The working classes are probably most obviously marked out by their appearance – their clothes and general demeanour – in the UK references are made to shell suits, large gold earrings and tightly permed hair – such easy signfiers do a great deal to code class difference and it is left to the reader (or viewer) to fill in the gaps by understanding that such appearances are the result of pathology.
Some commentators also comment with awed horror on the environments where working class people live and are often surprised that ‘people live there’, forgetting that for working class people these environments are completely normal.
There is also a discourse which has coded such working class areas as high-crime areas, given legitimacy through crime-mapping software.
Landscape and inhabitants are frequently described in terms of lack, but it in these discussions it is not so much money they lack, but taste.
On top of criticising working class landscapes and dress, character traits are also part of the construction of the working classes – Lawler now summarises the ways in which the working classes are demonised –
‘As cigarette-smoking teenage mothers, rearing children in deprived and arid backgrounds of instability, emotional chaos, parental strife, of moral vacuum.. whose children will grow up as socially autistic adults with little expectations and even less talent.’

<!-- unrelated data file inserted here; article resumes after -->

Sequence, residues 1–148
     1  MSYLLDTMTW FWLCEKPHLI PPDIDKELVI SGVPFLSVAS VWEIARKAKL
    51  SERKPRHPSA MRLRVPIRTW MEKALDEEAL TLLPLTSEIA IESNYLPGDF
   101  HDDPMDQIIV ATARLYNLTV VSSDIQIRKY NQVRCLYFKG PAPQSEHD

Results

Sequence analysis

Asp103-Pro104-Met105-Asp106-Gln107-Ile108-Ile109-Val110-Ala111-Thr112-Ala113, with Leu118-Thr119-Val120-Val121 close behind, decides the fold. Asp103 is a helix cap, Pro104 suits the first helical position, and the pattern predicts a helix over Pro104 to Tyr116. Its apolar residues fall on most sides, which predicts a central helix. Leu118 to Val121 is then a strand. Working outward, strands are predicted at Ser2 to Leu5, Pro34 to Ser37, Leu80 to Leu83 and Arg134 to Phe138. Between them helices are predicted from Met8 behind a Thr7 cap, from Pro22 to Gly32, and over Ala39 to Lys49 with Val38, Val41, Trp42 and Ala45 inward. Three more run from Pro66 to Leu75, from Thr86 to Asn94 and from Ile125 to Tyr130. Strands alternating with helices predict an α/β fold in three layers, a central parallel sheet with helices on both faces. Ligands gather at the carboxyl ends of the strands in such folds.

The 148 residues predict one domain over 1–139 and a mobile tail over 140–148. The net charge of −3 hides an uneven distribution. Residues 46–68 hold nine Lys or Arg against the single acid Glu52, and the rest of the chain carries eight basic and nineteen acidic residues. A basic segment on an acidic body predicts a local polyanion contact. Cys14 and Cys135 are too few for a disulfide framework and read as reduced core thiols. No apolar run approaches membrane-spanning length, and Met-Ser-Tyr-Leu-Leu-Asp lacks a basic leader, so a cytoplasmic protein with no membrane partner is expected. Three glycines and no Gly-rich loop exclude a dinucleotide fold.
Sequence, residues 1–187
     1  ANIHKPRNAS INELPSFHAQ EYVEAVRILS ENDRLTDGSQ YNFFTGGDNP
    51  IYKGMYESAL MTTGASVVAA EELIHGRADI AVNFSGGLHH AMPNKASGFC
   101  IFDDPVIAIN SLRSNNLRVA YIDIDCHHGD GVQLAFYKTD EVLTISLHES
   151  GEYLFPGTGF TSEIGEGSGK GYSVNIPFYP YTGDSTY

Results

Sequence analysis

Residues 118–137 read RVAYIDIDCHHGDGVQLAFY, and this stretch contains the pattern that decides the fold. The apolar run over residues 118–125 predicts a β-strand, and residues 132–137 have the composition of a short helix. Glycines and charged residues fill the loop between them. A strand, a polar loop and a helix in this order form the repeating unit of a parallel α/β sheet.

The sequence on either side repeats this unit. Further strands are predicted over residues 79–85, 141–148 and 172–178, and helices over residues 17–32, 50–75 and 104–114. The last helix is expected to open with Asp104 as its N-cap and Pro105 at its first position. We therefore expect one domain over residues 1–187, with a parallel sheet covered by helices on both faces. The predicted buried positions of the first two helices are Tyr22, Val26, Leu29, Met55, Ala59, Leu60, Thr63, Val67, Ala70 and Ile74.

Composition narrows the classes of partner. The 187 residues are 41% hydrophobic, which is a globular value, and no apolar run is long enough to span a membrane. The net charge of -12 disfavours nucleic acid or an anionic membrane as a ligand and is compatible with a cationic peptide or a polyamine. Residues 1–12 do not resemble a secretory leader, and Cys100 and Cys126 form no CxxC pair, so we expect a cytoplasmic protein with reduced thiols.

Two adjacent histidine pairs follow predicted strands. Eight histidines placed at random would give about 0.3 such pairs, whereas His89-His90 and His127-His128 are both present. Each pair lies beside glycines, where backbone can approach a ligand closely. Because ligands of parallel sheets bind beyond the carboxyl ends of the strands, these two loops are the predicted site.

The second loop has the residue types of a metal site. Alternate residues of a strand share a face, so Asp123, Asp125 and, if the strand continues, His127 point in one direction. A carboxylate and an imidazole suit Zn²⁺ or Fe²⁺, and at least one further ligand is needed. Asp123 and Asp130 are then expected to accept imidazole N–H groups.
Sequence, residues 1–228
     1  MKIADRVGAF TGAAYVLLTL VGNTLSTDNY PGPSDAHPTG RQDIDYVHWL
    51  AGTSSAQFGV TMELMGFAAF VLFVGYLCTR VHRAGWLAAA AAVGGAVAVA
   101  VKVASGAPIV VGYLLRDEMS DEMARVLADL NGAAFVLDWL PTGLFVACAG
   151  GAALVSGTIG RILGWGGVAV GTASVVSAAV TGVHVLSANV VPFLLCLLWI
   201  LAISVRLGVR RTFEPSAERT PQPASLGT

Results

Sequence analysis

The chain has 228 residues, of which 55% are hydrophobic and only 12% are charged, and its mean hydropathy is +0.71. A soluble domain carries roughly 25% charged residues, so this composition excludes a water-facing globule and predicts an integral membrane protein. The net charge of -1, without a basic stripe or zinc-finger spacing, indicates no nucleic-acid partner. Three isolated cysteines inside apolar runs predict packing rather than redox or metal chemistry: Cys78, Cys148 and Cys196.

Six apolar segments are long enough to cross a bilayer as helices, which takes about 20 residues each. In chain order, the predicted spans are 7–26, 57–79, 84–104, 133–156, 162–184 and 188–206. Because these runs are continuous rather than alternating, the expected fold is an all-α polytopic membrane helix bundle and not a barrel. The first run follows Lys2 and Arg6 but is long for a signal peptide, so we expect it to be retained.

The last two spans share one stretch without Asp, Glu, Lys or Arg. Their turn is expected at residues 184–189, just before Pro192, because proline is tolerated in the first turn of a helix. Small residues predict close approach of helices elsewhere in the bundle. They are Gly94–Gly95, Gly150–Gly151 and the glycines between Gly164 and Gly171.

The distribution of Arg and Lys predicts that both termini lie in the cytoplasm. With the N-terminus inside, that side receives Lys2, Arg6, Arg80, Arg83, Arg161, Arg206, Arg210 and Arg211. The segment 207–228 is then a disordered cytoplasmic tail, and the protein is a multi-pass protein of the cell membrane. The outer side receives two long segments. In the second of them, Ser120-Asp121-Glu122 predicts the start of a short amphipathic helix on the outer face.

Above all, she says they are held to lack everything perceived as having value.
This discourse of lack defines social policy – which mainly focuses around tackling social exclusion where social class is concerned.
Lawler is very critical of such accounts – especially of Simon Charlseworth’s (2000) account of working class life as picture bleak and empty, devoid of meaning – we have to ask – is this about working class life, or about a way of looking at it?
Two sociologists who argue coherently against such narratives of lack are Beverly Skeggs and Angella McRobbie
And narratives of decline…
Where discussion of the working classes is concerned, narratives of lack are accompanied by narratives of decline.
The narrative of decline is the tale that the working class used to be respectable, but that the decline of heavy industry has lead to the working class either moving upward to become middle class, or behind, effectively no longer having any value.
The working classes are also seen as suffering from outdated political values, or cultural lag, while progress and reason are on the side of the government and the middle classes. The characterisation of the underlcass has done little to change this.
All of this is worse for working class women get a double negative-label – not only working class but also characterised as unfeminine – and those who try to be feminine are themselves disparaged for it.